It is clear from most sources that the Indians, at the
time of early settler contact, had their villages on
both sides of the Upper Delaware River. We are
lucky to have a great deal of archaeological
evidence from local Indian sites due to the hurried
excavations during 1967 and 1968. The reason for
the hurried excavations was that a plan was afoot to
inundate the entire area in the creation of a huge
dam project. Many of the dig sites and discoveries
during this period can be attributed to the efforts of
environmentalists, archaeologists, scientists, and just
plain folks. Had the dam actually been constructed,
the entire natural history museum, and a large part
of the Native American heritage of Eastern
Pennsylvania, would have been lost forever.
This excerpt from a local history of Eastern
Pennsylvania is about
the abandonment of a dam project.
the disintegration of the Native American population.
the building of dams and other water projects.
the preservation of a historic site.
The word "inundate" in the second paragraph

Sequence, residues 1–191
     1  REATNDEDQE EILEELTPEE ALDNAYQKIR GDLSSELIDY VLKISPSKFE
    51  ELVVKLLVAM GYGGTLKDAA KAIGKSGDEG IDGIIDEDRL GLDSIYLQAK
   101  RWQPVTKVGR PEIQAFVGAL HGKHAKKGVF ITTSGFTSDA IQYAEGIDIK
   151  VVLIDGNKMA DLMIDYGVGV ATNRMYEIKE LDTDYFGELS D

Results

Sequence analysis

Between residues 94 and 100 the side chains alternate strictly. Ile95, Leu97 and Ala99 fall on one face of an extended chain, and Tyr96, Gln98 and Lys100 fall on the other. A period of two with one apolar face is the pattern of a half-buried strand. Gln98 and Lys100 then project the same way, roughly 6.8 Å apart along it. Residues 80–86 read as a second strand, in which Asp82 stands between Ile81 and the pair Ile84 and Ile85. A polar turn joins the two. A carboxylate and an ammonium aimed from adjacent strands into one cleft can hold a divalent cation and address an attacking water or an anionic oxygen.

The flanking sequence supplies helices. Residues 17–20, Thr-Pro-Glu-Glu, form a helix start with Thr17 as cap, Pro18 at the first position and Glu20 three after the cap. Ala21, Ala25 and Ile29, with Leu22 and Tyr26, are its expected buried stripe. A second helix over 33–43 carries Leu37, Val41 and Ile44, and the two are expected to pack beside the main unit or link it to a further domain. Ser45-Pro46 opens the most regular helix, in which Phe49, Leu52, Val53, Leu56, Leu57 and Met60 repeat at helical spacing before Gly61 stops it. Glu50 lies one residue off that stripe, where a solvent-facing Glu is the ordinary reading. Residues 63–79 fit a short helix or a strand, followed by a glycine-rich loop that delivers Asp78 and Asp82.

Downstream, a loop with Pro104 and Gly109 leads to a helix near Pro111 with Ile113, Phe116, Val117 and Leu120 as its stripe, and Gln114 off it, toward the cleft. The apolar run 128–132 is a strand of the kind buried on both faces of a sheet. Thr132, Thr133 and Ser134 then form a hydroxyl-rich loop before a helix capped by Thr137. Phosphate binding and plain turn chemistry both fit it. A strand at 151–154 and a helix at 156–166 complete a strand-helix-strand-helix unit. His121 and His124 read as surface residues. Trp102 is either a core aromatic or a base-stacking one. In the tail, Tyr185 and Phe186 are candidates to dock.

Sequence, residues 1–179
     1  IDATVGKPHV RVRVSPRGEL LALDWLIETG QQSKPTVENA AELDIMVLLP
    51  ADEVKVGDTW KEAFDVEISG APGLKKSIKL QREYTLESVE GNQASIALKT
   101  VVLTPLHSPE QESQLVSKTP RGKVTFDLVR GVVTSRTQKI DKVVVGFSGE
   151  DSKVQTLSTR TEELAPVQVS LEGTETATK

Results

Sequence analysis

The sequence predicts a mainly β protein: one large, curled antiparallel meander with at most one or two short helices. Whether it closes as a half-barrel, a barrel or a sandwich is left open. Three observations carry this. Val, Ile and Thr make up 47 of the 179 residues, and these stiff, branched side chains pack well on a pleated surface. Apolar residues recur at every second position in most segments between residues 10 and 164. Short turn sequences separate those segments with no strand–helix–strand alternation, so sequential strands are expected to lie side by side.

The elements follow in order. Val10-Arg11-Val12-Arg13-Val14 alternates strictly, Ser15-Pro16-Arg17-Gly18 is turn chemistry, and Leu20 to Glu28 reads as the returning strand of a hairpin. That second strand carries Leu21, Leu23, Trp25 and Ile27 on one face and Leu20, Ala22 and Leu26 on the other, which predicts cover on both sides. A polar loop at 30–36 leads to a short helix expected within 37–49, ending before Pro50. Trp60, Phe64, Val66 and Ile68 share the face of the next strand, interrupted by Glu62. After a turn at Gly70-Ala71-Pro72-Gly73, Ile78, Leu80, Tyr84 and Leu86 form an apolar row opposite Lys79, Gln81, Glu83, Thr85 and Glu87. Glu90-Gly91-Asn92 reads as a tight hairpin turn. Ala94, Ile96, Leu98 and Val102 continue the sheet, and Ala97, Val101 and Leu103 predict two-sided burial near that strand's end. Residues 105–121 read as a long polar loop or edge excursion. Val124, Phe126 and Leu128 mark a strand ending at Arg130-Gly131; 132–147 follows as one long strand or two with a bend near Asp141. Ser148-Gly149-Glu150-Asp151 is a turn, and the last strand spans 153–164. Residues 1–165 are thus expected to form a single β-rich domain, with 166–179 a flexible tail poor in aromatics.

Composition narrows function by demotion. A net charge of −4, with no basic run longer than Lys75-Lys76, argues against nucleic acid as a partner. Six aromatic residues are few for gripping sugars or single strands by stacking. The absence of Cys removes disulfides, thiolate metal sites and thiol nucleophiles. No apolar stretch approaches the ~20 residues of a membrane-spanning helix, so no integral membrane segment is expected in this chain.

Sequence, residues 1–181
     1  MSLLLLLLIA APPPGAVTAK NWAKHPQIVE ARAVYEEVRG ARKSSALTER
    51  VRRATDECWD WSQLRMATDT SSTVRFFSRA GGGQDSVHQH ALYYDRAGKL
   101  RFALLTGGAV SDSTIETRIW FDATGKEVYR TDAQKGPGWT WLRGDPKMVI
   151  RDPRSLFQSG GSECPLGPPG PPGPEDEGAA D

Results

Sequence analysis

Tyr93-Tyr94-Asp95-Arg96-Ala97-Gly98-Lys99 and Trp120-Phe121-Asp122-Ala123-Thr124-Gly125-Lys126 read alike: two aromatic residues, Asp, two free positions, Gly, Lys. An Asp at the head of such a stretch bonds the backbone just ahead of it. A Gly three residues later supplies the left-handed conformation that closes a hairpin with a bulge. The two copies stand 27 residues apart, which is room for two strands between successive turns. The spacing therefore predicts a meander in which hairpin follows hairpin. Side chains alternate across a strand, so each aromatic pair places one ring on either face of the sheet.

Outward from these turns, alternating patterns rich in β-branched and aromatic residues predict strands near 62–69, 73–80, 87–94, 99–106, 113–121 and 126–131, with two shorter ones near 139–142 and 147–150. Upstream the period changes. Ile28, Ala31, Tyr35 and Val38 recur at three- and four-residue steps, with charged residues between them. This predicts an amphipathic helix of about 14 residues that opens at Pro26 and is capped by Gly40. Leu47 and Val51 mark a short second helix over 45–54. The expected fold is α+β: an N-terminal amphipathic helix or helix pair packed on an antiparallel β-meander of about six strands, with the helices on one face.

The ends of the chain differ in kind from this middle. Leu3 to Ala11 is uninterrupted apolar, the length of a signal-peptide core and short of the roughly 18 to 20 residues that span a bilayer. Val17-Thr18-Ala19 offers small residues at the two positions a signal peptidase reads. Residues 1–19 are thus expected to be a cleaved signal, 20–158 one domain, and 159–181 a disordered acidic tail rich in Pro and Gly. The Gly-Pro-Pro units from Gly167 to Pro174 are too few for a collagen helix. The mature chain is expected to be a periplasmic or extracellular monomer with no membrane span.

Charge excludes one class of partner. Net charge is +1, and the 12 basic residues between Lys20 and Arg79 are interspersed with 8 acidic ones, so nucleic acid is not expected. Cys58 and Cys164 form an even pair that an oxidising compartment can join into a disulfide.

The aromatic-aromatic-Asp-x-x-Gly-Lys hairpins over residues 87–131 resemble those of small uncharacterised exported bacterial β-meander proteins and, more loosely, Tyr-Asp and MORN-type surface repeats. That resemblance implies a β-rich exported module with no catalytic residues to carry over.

most nearly means the same as
The chief point of the writer of the passage above is
building a dam would provide jobs.
deciding against building a dam preserved an
important historical site.
building a dam would preserve Indian culture.
Indians were able to stop a dam project.
According to the passage, the reason for the
hurried archaeological excavations in 1967 and 1968
archaeologists needed to dig quickly because after the
area was flooded by the dam's
waters, historical research
would be impossible.
1967 and 1968 were the best years for archaeology.
the government ordered the sites to be excavated
during those years.
a team of archaeologists petitioned the government to
dig during those years.